Just a little anecdote from the history of products for children: During the 1970s, Franken Berry cereal sent some number of kids to the ER, because it turned their poop an alarming shade of pink. Nothing else was wrong—just frighteningly pink poops.

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That’s according to Atlas Obscura. General Mills introduced its monster cereals (also including Count Chocula) in 1971, with the strawberry variety colored with Red Dye Nos. 2 and 3, a combination that had harmless but worrisome-looking consequences come toilet time:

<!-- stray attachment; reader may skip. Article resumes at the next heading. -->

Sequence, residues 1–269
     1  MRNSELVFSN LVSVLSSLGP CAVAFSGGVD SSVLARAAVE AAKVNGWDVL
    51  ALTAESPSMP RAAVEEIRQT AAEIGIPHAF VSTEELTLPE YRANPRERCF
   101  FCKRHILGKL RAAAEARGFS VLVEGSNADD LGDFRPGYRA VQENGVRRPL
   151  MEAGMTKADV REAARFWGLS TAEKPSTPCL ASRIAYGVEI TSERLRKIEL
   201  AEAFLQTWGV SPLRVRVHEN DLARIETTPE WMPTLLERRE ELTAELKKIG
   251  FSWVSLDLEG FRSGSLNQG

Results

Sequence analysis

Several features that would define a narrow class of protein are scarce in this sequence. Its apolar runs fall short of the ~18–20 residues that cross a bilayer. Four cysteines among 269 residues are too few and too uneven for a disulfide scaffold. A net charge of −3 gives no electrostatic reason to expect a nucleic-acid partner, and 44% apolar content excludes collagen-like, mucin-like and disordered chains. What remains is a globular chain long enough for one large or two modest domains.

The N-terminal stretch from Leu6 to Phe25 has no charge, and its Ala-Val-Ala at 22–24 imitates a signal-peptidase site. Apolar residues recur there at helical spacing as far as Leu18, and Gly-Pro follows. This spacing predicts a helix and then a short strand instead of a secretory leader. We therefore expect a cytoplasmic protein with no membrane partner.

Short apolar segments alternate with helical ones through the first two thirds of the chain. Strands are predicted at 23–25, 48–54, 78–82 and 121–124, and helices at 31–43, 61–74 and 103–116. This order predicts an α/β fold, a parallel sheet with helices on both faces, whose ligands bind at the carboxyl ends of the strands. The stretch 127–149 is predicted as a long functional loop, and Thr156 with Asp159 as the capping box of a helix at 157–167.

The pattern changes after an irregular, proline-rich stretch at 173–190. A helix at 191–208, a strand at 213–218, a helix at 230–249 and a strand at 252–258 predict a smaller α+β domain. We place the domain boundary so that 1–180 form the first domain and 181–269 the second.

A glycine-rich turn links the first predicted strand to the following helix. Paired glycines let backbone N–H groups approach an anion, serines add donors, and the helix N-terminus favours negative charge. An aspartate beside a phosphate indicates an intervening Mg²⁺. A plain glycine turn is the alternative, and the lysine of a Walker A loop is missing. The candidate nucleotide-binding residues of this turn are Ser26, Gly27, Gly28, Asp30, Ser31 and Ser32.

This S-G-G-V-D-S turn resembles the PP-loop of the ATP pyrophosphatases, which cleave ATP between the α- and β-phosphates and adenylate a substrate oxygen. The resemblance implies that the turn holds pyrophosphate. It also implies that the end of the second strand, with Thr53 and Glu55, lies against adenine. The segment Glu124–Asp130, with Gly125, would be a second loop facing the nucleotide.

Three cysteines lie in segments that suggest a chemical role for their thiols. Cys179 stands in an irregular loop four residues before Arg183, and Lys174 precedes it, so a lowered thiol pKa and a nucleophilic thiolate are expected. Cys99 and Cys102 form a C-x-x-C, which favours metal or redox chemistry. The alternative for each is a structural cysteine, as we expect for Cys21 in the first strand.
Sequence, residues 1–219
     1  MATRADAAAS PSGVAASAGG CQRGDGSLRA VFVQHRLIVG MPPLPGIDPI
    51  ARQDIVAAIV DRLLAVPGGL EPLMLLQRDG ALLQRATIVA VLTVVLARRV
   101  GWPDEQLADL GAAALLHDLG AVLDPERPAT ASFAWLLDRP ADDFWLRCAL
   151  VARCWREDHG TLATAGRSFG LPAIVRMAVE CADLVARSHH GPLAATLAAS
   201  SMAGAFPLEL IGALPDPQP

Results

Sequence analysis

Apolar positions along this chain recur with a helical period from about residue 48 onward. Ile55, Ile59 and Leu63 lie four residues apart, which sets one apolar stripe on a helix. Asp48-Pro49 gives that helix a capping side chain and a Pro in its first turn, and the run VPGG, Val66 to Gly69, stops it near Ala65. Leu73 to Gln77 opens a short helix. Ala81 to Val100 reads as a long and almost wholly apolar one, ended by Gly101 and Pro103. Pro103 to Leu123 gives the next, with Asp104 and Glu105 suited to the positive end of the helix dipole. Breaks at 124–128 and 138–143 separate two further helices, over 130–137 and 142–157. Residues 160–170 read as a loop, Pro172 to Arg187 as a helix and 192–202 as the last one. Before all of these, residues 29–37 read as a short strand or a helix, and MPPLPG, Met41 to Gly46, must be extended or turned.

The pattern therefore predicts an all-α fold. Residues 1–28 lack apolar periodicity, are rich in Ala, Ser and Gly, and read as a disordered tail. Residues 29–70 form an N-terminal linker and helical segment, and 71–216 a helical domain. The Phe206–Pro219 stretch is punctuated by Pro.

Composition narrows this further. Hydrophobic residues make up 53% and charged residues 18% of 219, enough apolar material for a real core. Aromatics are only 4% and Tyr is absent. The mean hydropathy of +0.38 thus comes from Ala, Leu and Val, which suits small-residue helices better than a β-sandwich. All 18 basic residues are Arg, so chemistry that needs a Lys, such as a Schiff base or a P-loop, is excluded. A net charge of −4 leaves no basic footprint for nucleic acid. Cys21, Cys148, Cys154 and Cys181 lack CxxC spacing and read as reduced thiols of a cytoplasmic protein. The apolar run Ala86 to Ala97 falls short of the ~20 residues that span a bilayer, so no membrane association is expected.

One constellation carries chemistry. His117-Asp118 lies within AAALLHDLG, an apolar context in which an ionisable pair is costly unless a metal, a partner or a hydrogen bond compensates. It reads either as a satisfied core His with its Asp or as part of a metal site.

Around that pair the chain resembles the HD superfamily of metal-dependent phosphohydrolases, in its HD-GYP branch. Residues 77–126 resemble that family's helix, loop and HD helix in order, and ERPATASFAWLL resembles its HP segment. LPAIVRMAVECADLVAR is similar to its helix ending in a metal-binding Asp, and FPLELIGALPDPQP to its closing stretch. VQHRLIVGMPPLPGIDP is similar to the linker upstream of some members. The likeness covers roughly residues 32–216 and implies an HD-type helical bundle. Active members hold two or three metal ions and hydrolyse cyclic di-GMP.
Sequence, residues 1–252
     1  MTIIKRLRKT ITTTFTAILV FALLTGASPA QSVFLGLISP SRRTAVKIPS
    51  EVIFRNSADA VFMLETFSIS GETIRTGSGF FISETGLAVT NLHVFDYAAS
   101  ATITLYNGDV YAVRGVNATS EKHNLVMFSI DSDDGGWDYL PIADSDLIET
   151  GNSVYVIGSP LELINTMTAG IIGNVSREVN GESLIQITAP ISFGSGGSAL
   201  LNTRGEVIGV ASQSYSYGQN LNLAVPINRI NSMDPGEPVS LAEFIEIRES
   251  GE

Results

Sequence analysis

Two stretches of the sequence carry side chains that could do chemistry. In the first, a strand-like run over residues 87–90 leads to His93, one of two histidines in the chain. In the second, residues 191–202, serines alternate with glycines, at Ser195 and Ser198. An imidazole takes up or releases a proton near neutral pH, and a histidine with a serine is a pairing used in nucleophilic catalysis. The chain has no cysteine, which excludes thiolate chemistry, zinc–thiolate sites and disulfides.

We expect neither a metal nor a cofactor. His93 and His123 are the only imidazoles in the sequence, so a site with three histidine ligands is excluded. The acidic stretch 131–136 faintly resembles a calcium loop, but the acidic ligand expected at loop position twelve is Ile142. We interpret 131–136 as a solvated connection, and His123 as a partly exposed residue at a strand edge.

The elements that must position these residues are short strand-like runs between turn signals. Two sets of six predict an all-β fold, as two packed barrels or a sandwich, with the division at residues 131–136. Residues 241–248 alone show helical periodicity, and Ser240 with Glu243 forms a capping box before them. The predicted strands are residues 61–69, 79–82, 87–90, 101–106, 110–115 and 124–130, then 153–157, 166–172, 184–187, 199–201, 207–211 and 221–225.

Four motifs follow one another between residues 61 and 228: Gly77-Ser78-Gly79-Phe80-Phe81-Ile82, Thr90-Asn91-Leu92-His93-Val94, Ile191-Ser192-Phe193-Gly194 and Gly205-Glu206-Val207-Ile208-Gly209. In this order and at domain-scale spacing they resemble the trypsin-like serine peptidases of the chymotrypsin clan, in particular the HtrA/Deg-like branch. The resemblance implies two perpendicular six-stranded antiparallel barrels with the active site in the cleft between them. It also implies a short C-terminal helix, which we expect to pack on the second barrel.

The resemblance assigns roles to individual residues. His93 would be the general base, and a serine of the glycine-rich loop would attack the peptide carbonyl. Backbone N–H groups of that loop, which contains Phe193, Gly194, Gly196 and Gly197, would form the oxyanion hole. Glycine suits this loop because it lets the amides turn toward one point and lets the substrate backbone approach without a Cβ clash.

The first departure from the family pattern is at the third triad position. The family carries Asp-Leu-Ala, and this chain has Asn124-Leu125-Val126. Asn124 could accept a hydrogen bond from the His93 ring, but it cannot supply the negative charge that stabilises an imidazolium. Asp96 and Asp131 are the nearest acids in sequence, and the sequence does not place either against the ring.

Doctors ran all kinds of tests before they finally hit on the potential culprit. “Further questioning of the mother revealed that the child had eaten a bowl of Franken Berry cereal 2 days and 1 day prior to admission,” attending physician John V. Payne wrote in a case study later published in Pediatrics.

After letting the boy’s digestive system clear itself, they set out to test this new hypothesis, giving him four entire bowls of Franken Berry. Sure enough, he pooped pink again. “The stool had no abnormal odor, but looked like strawberry ice cream,” wrote Dr. Payne. They sent the kid home—where the mother found his sister also pooping pink.

Red No. 2 was banned in 1976 and so General Mills eventually swapped out the dyes. But not before enough ER visits that the existence of “Franken Berry Stool” had made its way into the annals of medicine.